In the case of steerable rear wheels of a vehicle equipped with a four wheel steering system in which the ratio of the steering angle of the rear wheels to the steering angle of the front wheels is varied depending on the speed of the vehicle or the steering angle of the front wheels, the self-aligning torque may change in a highly complex way without offering any benefit and it is desirable to totally eliminate the self-aligning torque if possible.

When the kingpin, real or imaginary, is fixed as is the case with most of the conventional suspension systems, the self-aligning-torque can be easily eliminated by allowing the kingpin to pass through the center of the tread contact surface of the wheel but when that cannot be done because of other considerations then it is impossible to control the self-aligning torque.

On the other hand, in a suspension system of the kind disclosed in Japanese Patent Publication No. 52-9889 having two pairs of lateral links connected to upper and lower parts of the knuckle, respectively, it is possible to change the various parameters of the suspension system and favorable settings of the camber angle, the toe angle and caster angle can be obtained as desired, but, since the imaginary kingpin tends to move as the steering angle changes, the resulting change in the self-aligning torque or the force required to maintain a steering angle tends to vary a great deal or in a complicated fashion and may not be sufficiently manageable. A favorable arrangement of such lateral links is proposed in copending U.S. Pat. Application No. 135,250 by the same Inventor and assigned to the same Assignee.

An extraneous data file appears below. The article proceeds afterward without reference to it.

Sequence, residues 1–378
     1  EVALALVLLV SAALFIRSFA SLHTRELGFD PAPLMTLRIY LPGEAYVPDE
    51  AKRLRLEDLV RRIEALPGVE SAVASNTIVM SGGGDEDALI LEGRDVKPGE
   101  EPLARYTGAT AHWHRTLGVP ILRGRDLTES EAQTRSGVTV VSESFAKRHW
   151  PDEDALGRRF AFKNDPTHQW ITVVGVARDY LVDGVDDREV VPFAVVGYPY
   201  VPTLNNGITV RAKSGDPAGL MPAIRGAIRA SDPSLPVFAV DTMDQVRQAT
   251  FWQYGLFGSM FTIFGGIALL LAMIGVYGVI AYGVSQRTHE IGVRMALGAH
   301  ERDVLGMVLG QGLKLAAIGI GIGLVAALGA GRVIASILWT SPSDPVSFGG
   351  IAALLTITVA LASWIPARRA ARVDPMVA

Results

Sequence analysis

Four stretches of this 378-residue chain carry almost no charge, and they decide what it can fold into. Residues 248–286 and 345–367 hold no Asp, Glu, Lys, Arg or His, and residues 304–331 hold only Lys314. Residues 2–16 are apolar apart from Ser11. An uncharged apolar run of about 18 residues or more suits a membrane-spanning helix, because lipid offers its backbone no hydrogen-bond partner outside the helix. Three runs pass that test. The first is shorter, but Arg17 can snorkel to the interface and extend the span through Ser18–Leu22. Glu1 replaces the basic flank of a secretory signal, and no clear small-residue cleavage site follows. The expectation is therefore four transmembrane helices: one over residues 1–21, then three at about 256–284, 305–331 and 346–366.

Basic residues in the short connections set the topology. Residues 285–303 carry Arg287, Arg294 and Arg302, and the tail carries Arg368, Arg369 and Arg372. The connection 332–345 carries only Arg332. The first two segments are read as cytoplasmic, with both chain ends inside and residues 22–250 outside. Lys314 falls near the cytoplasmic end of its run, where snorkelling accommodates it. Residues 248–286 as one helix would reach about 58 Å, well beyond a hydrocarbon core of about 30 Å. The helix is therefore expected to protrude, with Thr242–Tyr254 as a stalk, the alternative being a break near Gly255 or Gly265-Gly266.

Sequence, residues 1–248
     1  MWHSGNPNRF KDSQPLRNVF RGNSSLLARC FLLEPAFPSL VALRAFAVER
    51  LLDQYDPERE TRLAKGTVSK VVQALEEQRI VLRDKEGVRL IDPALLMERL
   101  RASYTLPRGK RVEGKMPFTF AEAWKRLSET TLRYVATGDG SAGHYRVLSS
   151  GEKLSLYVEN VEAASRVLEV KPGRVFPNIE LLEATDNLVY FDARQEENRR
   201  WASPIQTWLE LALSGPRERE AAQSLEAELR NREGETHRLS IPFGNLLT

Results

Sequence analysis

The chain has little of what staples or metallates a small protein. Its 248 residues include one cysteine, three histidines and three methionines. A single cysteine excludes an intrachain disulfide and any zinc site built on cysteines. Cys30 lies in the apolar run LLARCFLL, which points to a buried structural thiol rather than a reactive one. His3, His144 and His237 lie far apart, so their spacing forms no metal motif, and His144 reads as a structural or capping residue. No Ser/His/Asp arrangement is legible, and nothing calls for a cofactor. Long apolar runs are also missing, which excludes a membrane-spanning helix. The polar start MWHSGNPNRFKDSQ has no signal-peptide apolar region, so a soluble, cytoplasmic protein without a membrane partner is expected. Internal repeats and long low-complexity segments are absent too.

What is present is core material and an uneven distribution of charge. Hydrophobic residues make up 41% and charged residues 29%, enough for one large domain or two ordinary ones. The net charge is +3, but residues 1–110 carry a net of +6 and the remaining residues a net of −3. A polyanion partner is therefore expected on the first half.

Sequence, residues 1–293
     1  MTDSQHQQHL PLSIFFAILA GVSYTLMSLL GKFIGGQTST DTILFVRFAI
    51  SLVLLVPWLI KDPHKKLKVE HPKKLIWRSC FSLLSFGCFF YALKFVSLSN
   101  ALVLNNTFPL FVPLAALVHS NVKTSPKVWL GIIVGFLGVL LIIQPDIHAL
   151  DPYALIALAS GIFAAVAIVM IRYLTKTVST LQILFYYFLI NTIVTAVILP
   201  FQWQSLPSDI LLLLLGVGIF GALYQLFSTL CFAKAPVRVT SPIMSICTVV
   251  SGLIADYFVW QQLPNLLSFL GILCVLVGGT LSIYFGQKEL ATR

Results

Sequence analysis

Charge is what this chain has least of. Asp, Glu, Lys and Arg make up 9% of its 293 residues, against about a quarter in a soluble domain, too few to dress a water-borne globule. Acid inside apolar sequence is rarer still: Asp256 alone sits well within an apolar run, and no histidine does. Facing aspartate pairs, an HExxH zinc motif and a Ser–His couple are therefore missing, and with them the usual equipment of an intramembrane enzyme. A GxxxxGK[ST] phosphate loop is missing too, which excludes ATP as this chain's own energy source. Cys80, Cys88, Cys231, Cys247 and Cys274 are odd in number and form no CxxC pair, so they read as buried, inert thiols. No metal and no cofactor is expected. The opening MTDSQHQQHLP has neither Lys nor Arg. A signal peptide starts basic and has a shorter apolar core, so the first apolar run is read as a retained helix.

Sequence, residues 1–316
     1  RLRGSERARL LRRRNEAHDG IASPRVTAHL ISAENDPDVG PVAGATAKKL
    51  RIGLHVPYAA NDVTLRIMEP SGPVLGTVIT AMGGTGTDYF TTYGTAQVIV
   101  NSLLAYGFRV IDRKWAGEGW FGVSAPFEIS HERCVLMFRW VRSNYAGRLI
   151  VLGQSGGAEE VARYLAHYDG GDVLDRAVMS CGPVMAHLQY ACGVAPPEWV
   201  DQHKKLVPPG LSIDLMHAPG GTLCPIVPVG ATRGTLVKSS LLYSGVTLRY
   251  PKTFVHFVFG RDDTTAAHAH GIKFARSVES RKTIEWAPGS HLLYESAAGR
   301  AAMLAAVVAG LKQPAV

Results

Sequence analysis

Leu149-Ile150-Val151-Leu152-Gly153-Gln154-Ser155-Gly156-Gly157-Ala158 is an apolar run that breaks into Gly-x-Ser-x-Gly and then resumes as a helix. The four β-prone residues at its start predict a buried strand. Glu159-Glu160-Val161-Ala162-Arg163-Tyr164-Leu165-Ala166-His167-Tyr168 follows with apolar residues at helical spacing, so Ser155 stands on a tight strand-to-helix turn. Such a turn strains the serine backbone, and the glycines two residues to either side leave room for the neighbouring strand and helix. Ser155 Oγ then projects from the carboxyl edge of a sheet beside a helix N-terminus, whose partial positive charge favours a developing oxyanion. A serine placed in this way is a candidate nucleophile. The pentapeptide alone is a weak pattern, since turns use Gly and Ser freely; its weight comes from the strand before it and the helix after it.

However, it is not always possible to achieve the above-mentioned geometrical relationship due to the restrictions in the freedom of layout of the suspension system. Specifically, since it is generally necessary to support the wheel against a running resistance with a certain compliance, one of the lower links is required to be constructed as a radius rod which forms a relatively large angle in relation with the direction of the axle. Further, due to the fact that the lower end of the shock absorber system comprising an oil damper, a coil spring and so on is desired to be supported by one of the lower links, it is preferable if the other lower link extends along and in the proximity of the axle as projected upon a horizontal plane. Generally speaking, the instantaneous centers of rotation of the lower links and the upper links can be made to coincide with each other as projected onto a horizontal plane by arranging the upper links and the lower links in a similar layout and reducing the range of the change of the instantaneous center of rotation at the tire tread surface. However, such a layout of the upper links is not possible in this case since the upper end of the shock absorber system tends to interfere with the upper links.

BRIEF SUMMARY OF THE INVENTION